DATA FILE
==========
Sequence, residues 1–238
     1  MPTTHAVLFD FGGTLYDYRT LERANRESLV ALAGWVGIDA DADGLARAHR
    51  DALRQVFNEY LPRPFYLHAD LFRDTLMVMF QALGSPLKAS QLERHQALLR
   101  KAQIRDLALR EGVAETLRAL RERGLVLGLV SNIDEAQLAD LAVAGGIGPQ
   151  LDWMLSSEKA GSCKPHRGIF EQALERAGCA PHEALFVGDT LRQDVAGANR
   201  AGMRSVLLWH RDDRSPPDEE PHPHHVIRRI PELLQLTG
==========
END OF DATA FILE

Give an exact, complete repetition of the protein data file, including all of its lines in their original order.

Sequence, residues 1–238
     1  MPTTHAVLFD FGGTLYDYRT LERANRESLV ALAGWVGIDA DADGLARAHR
    51  DALRQVFNEY LPRPFYLHAD LFRDTLMVMF QALGSPLKAS QLERHQALLR
   101  KAQIRDLALR EGVAETLRAL RERGLVLGLV SNIDEAQLAD LAVAGGIGPQ
   151  LDWMLSSEKA GSCKPHRGIF EQALERAGCA PHEALFVGDT LRQDVAGANR
   201  AGMRSVLLWH RDDRSPPDEE PHPHHVIRRI PELLQLTG